We test the waters of Mistwalker Studios' first mobile game.
It's impossible to introduce Party Wave without making a few obligatory observations. First, it's from Mistwalker Studios, the development company headed up by legendary designer Hironobu Sakaguchi. Second,, he's rather well known for a small franchise you might have heard of called Final Fantasy. Third, Party Wave has found a home on the App Store because of Sakaguchi's passion for surfing.
As a game, rather than an interesting development anecdote, Party Wave is split into two separate components. At the start of each level, you'll first need to paddle any number of surfers to a break point in the crisp blue sea, using finger swipes to gently nudge each character towards a central point where the incoming, rolling wave is due to break. Some of these surfers are larger than others and require more forceful pushing, while others breeze along with only the gentlest of nudges.
Once everyone's in position (or at least, everyone you've managed to steer successfully), the game moves into its central Party Wave mode where the surfers line themselves up to catch the frothing wave that's begun to break over the meeting point. They ebb and flow with the water individually, and you'll need to tap on them from time to time to keep them afloat. Alternatively, tapping them just before they hit the base of the wave sends them shooting off into the sky where you can continue to juggle them for bonus points.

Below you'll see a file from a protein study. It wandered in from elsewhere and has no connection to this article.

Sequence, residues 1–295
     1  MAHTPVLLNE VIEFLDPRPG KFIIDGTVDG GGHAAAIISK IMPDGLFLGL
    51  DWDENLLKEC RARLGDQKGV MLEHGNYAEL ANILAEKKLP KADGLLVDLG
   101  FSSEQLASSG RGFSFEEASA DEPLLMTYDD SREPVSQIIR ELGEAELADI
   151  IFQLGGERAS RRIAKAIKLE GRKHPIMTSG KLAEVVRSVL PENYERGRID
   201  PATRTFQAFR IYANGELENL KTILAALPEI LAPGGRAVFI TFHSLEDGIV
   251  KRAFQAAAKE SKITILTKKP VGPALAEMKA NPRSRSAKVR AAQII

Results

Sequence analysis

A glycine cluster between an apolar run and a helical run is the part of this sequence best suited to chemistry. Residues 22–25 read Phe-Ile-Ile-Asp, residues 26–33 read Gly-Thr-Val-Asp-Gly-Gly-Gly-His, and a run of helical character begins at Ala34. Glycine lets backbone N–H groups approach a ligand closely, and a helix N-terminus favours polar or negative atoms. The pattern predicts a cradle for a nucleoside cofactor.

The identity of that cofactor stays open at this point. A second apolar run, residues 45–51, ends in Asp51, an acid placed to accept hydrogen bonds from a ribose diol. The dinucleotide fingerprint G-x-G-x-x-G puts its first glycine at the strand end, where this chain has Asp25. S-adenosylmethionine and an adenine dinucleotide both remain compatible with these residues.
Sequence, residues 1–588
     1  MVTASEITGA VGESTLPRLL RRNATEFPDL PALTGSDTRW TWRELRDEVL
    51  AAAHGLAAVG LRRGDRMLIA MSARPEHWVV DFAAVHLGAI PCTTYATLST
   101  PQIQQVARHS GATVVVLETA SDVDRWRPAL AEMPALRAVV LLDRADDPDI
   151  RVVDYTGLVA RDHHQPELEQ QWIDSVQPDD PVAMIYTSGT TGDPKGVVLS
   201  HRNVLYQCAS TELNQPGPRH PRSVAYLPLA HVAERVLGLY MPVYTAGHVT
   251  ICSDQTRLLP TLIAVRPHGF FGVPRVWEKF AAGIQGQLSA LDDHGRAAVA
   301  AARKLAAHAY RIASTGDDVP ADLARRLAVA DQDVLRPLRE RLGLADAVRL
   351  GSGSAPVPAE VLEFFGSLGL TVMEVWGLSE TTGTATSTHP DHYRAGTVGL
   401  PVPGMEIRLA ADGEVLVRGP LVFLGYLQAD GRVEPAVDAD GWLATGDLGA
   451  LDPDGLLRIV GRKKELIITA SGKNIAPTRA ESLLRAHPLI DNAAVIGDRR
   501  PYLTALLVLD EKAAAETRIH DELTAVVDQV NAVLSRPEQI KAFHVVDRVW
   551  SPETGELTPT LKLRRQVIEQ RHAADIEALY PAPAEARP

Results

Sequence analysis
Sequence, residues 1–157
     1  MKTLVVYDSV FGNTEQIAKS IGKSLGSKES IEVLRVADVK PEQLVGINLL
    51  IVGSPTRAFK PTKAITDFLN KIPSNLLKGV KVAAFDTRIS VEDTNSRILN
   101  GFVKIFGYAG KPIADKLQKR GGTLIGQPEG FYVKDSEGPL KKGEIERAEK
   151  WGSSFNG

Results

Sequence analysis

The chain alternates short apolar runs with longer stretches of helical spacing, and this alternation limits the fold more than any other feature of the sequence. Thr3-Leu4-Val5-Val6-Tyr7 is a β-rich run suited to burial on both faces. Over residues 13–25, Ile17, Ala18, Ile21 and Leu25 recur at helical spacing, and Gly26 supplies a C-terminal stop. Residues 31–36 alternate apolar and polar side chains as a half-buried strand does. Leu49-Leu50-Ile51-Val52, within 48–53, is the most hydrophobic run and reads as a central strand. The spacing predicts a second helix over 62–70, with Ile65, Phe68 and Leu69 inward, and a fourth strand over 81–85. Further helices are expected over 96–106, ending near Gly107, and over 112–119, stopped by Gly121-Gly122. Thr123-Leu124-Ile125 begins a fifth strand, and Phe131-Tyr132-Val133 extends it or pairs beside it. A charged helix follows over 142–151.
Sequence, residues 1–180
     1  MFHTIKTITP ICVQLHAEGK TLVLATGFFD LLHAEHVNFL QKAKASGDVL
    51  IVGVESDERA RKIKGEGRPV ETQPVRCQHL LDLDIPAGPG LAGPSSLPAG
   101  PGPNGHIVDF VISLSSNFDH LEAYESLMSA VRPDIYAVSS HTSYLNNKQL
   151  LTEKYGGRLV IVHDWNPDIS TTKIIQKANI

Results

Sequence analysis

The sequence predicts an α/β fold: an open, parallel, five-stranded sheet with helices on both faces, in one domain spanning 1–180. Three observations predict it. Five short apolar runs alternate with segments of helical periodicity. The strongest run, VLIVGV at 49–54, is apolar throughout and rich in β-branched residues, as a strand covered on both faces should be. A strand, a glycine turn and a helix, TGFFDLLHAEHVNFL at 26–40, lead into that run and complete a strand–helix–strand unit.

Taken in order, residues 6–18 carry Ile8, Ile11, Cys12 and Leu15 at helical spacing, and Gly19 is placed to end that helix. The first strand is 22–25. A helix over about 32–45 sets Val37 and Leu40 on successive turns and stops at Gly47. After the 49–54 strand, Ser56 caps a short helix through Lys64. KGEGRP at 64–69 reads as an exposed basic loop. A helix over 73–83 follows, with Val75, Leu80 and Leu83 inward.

The thing is, it's not really all that interesting once you've played a handful of levels. Each stage has its own unique paddling challenge, and you'll need to steer your team around coral reefs, circling sharks and what-have-you before the party can get started. At first this feels like a great prelude to the action, with some careful fingerwork required, but it sits at odds with the more action-orientated part of the game.
Fortunately, and to prevent this fiddlier paddling phase from becoming tedious, you only need to complete each one once before taking a new stab at the stage's surfing section, but even this latter, more action-orientated phase wears thin after a while, as the collisions with the local wildlife that knock out your surfers sometimes feel a little unfair. There's just a little too much randomness for the experience to be satisfying, and while there's great variety in the creature types and behaviors, this area of the game falls short once the novelty's worn off.
Completing one level unlocks the next, although at later levels you'll need to have achieved a certain number of 'perfect' ratings up until that point if you want to go further. This will mean going back and making sure that you've both successfully brought every surfer to the party point, and kept them afloat long enough to survive the scoring section.
It's not all doom and gloom for the game. For its original gameplay, perfectly chilled music, and crisp graphics, Party Waves deserves credit. We just found that the strong motivation to continue, to push further, and to improve on our previous scores didn't materialize. As such, while your time with Party Wave will certainly be enjoyable, it's likely to be rather short-lived.
What's Hot: Crisp graphics, some unique gameplay, and a lovely score.
What's Not: Rather repetitive, and unlikely to engage gamers beyond the first few hours.